William E. Burrows, historian of the space age, is dead at 87
The First Art Newspaper on the Net    Established in 1996 Thursday, July 25, 2024


William E. Burrows, historian of the space age, is dead at 87
William E. Burrows in 1959, when he was an undergraduate at Columbia University. Burrows, who as a journalist and author explored the promise and perils posed by outer space — including the proliferation of weapons and spy satellites and the threat of potentially earth-shattering asteroids — died on June 29, 2024, in Bridgeport, Conn. He was 87. (The New York Times)

by Sam Roberts



NEW YORK, NY.- William E. Burrows, who as a journalist and author explored the promise and perils posed by outer space — including the proliferation of weapons and spy satellites and the threat of potentially earth-shattering asteroids — died June 29 in Bridgeport, Connecticut. He was 87.

His death, in a hospital, was confirmed by his former wife, Joelle Hodgson, who said the cause was kidney failure.

Presaging his career by crash-landing model airplanes in his family’s living room in Queens, near Idlewild Airport (now Kennedy International Airport), and surreptitiously taking flying lessons in a Piper Cub as a teenager, Burrows covered air travel, space technology, government secrecy and other subjects for The New York Times, The Washington Post and The Wall Street Journal.

He wrote 14 books and established a graduate program in science writing at New York University, where he taught journalism.

Given the growing militarization of space and the challenges posed by environmental hazards and by weapons of mass destruction, Burrows believed that investing in space exploration was crucial, if for no other reason than to potentially save the human race one day by colonizing other planets.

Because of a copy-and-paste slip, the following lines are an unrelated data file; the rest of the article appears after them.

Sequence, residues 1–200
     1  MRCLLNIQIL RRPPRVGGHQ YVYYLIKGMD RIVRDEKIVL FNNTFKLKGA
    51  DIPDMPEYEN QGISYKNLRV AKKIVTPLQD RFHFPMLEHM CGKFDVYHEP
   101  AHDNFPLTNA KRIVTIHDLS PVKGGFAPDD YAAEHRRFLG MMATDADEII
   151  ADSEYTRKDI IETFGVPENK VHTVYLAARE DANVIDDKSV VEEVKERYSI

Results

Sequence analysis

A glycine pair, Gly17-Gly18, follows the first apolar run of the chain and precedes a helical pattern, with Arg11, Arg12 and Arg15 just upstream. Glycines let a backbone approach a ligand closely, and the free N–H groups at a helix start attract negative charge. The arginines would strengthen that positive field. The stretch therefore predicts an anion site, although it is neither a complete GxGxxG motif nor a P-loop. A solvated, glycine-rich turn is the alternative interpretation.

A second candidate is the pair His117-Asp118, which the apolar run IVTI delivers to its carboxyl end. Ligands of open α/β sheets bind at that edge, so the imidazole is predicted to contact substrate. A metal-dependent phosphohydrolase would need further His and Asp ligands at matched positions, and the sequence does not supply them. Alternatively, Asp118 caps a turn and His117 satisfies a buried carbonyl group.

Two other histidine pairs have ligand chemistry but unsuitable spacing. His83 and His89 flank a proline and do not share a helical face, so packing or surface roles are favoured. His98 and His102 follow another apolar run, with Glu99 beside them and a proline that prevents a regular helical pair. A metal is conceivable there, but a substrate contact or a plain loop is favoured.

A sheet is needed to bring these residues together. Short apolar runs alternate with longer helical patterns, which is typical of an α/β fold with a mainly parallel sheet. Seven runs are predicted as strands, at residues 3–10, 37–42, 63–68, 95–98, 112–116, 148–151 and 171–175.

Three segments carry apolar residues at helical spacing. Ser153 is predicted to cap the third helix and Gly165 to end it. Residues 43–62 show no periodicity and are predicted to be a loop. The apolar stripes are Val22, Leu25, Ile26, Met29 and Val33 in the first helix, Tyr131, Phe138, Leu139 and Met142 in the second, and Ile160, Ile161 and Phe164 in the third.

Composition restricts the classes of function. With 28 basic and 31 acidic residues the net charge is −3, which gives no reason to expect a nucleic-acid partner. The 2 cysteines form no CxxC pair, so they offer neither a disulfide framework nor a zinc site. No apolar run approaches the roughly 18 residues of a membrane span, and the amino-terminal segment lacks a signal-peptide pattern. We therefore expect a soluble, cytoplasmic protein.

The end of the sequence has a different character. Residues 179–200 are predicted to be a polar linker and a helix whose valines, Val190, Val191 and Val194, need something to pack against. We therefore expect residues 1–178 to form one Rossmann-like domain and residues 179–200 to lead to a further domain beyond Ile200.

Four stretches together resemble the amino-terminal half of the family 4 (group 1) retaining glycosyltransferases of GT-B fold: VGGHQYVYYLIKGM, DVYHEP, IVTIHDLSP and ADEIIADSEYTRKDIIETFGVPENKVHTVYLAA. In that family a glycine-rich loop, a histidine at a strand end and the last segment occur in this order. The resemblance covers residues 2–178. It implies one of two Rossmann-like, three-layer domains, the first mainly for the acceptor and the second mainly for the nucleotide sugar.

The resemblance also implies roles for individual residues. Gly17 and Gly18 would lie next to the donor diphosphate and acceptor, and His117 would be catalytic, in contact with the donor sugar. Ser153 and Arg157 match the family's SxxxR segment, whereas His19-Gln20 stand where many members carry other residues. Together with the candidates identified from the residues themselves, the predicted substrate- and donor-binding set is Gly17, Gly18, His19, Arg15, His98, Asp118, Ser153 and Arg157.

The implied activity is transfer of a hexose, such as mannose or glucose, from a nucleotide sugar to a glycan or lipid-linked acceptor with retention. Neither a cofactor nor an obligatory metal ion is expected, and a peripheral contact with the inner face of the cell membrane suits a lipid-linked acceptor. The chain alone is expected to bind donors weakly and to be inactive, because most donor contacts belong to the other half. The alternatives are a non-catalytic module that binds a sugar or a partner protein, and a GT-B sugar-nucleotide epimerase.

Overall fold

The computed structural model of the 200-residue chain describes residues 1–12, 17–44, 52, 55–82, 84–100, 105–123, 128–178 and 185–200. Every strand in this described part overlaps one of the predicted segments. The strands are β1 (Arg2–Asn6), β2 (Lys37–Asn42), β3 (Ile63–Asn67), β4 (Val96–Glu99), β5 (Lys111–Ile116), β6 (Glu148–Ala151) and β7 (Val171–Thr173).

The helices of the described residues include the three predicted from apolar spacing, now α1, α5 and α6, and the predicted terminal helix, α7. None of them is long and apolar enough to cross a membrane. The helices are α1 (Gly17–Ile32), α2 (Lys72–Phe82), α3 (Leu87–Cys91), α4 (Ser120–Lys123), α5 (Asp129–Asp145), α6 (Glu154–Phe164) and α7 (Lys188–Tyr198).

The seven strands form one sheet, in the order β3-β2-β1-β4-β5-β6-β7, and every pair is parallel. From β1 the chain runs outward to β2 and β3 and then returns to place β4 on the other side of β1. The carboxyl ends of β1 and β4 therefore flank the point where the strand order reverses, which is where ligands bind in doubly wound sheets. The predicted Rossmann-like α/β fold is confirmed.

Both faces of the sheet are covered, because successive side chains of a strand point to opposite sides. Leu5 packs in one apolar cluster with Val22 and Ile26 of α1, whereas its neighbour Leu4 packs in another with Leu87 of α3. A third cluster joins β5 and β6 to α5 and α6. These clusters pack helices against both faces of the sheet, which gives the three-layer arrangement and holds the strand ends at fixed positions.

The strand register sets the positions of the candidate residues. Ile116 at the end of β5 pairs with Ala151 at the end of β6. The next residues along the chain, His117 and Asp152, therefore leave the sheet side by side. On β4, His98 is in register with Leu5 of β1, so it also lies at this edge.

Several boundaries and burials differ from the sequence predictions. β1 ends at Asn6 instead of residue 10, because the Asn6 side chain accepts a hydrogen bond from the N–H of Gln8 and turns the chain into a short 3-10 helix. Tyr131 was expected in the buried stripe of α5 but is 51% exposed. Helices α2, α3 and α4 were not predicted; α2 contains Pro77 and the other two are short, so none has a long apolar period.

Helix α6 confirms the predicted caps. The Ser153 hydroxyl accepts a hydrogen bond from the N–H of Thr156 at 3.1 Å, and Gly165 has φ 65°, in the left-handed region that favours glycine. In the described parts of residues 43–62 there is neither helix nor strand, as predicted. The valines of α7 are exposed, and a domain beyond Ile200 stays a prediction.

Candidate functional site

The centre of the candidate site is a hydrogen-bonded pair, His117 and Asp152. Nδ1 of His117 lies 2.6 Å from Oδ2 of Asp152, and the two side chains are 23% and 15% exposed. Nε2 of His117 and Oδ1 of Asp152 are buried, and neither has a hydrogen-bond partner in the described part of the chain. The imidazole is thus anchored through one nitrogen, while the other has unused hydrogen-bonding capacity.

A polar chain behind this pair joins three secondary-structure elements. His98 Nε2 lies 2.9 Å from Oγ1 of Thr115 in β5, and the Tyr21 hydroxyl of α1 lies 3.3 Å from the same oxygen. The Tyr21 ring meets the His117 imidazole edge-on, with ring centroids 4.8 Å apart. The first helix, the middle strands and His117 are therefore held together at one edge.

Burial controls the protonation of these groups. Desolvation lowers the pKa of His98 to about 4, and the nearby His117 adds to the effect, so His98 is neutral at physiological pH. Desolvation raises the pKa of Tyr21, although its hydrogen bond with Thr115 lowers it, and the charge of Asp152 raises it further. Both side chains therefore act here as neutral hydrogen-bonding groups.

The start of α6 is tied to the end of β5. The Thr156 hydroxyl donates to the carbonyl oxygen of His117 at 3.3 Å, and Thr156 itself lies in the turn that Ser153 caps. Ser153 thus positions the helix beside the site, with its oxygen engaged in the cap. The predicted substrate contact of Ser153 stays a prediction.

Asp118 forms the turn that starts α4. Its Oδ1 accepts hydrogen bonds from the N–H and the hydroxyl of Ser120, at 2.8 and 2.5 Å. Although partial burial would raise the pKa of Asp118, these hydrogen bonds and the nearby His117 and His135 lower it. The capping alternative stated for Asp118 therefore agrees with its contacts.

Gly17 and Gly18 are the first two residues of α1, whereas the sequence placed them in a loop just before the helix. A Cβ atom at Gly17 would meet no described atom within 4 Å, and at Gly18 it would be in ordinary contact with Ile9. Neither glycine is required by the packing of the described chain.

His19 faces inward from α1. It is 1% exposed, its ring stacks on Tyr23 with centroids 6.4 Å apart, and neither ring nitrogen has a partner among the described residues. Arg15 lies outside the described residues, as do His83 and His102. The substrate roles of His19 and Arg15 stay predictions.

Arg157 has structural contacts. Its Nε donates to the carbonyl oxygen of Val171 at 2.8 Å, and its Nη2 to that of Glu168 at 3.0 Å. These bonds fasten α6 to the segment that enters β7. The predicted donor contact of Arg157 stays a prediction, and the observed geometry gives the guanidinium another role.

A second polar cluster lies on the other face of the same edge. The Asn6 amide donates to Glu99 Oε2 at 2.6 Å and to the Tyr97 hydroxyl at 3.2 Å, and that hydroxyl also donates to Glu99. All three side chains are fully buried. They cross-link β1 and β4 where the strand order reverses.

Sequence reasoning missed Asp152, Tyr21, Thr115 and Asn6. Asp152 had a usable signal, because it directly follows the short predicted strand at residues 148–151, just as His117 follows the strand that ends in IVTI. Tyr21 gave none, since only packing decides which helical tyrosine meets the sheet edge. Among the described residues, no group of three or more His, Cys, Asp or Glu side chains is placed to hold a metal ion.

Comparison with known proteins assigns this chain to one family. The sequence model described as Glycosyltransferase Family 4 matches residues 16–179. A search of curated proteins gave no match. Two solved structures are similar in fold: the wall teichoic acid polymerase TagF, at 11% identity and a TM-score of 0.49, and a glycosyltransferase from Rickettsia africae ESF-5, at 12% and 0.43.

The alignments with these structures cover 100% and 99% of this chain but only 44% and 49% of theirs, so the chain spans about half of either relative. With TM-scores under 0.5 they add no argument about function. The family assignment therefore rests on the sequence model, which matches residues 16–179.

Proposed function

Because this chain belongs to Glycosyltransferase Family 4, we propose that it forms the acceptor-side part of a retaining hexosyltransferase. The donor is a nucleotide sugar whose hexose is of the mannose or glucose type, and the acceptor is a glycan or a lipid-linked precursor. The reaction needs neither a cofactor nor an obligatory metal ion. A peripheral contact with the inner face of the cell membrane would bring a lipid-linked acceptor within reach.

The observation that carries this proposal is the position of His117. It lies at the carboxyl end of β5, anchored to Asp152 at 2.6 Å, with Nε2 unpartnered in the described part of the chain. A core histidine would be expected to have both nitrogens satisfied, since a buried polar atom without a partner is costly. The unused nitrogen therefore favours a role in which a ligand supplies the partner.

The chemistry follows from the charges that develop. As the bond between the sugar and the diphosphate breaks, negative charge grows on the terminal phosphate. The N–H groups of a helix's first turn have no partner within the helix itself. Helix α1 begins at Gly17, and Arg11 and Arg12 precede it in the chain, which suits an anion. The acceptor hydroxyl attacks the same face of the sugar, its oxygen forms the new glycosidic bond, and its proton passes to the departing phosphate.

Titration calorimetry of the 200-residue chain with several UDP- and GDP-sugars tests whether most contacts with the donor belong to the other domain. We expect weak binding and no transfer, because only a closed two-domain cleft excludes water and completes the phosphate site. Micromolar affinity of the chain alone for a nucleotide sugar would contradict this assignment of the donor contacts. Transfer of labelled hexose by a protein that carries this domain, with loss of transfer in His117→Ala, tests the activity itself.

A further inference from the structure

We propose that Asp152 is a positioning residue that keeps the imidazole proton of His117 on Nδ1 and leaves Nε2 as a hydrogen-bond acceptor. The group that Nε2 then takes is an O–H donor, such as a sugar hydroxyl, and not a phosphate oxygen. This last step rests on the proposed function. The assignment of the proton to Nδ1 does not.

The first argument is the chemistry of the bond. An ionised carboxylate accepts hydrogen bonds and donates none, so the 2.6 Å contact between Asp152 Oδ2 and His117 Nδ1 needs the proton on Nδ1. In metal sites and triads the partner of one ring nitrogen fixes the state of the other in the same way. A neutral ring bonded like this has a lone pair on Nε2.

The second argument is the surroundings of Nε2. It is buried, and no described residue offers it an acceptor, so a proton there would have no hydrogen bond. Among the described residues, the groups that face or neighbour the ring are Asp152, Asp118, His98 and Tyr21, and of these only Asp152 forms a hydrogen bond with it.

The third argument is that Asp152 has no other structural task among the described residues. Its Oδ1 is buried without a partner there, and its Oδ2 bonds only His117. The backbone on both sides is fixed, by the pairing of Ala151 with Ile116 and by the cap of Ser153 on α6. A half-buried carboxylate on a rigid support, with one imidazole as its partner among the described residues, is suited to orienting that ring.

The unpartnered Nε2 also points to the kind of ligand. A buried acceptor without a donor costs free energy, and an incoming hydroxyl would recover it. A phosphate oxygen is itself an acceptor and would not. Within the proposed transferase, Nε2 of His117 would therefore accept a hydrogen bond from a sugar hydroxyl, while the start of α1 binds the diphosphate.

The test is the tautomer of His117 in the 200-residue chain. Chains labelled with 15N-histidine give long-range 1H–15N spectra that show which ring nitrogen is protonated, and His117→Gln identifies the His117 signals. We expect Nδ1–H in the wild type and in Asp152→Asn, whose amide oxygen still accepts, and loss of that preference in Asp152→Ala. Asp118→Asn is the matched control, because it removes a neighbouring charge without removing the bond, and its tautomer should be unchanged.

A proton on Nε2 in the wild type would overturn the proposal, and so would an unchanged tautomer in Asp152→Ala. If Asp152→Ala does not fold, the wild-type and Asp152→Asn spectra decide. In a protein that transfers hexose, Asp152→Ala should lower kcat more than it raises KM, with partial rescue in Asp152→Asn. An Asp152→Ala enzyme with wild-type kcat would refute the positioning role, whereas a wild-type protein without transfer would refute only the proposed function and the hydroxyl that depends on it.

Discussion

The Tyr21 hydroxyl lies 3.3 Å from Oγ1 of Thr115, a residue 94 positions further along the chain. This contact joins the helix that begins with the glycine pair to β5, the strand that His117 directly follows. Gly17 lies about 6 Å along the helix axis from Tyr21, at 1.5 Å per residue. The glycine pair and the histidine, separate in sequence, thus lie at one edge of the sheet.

“The question to ask is whether the risk of traveling to space is worth the benefit,” he wrote in The Journal in 2003. “The answer is an unequivocal yes, but not only for the reasons that are usually touted by the space community: the need to explore, the scientific return and the possibility of commercial profit.

“The most compelling reason, a very long-term one,” Burrows added, “is the necessity of using space to protect Earth and guarantee the survival of humanity.”

His 1998 book, “This New Ocean: The Story of the First Space Age,” was a finalist for the Pulitzer Prize in history. Reviewing it in The New York Times Book Review, Alex Roland, a history professor at Duke University, called it the “most successful general survey of space history yet to appear” and said it was “distinguished by the successful integration of three different story lines: manned spaceflight, the militarization of space and space science.”

Also in the Times Book Review, historian Michael Beschloss wrote that Burrows’ 2001 book, “By Any Means Necessary: America’s Secret Air War in the Cold War,” was “an authoritative volume on espionage from space.”

And in reviewing an earlier Burrows book in the Times, “Deep Black: Space Espionage and National Security” (1986), John Newhouse, a guest scholar at the Brookings Institution, said that the author had described the activities of manned and unmanned systems deployed in space and the upper atmosphere in a way that made them “seem more remarkable than exploits of human spies.”